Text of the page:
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Everything posted by hexgrid

  1. Episode 328: King of Dragon Pass

    The latest Ken & Robin Talk About Stuff podcast has a segment on it; 'Robin' from the podcast is Robin D. Laws, (pen & paper RPG author...), who was involved with both the original and the new KoDP.
  2. Episode 417: 2017 in Review

    Somehow the Age of Wonder games always make me wish I was playing Warlords, though.
  3. I haven't played ES2, but to me the biggest problem with the original Endless Space was that it only ever provided you the illusion of choice. There was an optimal choice for each decision. It took me a few plays to realize it, but you always need to hit the same critical set of technologies as quickly as possible (the casimir drive primarily, and then the various colonization technologies so you don't lose a system to another empire just because you couldn't colonize the planet types there). You always hire heroes as fast as you can and you always make them governors because the multipliers they offer and the rate at which they level up means they account for a significant percentage of your overall production and science output. There is no point in Endless Space where you face a decision that matters in any meaningful way; either one path is clearly superior, or none of the choices matter. It's pretty, it has a nice UI, but it's arguable whether it's really a game or just a hand-cranked ant farm.
  4. It's easy to forget, Total Annihilation introduced a lot of things that are taken for granted now in RTSs and beyond; modding (of a sort; you could design your own units), being able to select all your units (while other RTS games limited you to a handful), queuing up orders... The other thing about TA was that the sheer variety of units meant you could never really be sure what would come over the hill next if you were playing multiplayer, and the game had a much wider gulf between the initial units and the very expensive heavies. The deficit spending economy was interesting as well. On the subject of Megaman Legends (Rockman Dash, originally...), that was an *excellent* game, possibly tied with Castlevania: Symphony of the Night for metroidvania goodness. The controls were slightly rough (it was designed for the original digital-only PlayStation controller; IIRC it came out shortly before the original DualShock controller was available), and the graphics are definitely PlayStation 3D, but it's one of the best 3D metroidvanias ever made; I'd say it's actually better than any of the 3D Metroid games were. Warlords 3... I'm torn about. In many ways I liked Warlords 2 better, but it was still fun. That jazz/blues general midi soundtrack was awful, though.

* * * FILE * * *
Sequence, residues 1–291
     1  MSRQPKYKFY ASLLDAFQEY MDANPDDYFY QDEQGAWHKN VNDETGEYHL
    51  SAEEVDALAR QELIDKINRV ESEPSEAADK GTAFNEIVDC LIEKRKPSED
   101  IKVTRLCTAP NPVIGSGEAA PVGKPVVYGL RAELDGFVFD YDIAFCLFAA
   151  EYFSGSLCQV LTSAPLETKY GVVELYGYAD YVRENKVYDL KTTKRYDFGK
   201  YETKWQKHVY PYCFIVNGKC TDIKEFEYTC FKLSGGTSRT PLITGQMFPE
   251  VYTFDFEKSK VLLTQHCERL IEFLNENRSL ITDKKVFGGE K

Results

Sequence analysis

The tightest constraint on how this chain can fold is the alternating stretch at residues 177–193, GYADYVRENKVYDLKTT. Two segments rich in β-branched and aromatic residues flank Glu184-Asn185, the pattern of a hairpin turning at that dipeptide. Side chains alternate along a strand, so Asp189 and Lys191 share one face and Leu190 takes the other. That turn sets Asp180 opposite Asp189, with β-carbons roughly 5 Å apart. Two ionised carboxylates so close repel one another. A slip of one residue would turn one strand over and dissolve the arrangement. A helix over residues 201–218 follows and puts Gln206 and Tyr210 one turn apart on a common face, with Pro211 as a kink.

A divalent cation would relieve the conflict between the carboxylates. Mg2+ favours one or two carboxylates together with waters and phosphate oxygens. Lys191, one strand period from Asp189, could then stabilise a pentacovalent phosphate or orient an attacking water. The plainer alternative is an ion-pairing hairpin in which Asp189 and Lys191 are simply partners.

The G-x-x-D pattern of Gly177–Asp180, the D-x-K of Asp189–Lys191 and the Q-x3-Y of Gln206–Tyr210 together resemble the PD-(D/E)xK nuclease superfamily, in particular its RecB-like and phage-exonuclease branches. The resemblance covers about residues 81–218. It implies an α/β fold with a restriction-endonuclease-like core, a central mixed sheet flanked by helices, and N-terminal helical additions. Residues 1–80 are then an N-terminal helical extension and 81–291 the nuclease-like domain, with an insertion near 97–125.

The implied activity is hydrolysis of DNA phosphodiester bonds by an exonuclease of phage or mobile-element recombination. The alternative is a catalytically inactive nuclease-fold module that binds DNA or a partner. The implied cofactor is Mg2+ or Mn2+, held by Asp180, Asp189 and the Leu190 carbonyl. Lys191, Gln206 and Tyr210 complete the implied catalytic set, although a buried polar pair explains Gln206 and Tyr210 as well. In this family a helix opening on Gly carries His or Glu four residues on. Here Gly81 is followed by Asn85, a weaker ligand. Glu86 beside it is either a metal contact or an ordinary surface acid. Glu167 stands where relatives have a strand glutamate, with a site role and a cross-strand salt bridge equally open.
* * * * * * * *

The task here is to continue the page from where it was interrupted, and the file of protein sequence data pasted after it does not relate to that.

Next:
5. Episode 396: Endless Space 2

    Personally I don't mind the review episodes, but three comments: 1. i agree that I kind of prefer when the reviews happen after the game has matured a bit; discussions of working games are much more interesting than discussions of bugs, and there's enough of a wealth of strategy games out there now that I'm not waiting on tenterhooks for the next game to drop. 2. I'm generally most interested in the "mechanics" episodes; the ones where some subject like "Diplomacy" or "Movement Models" or "Logistics" is considered, and a variety of new and old games that relate to the subject are brought in. My interest in 3MA is primarily from a strategy game design point of view and only secondarily as a review of specific games. 3. I do enjoy the occasional "after hours" episode like the beginning of the last Q&A where the cast have some unstructured blowing-off-steam time. Of course, I may also be part of a small niche audience that isn't large enough to sustain 3MA on its own; maybe most people only show up for the timely reviews and put up with the rest. I've no idea.
  6. Episode 396: Endless Space 2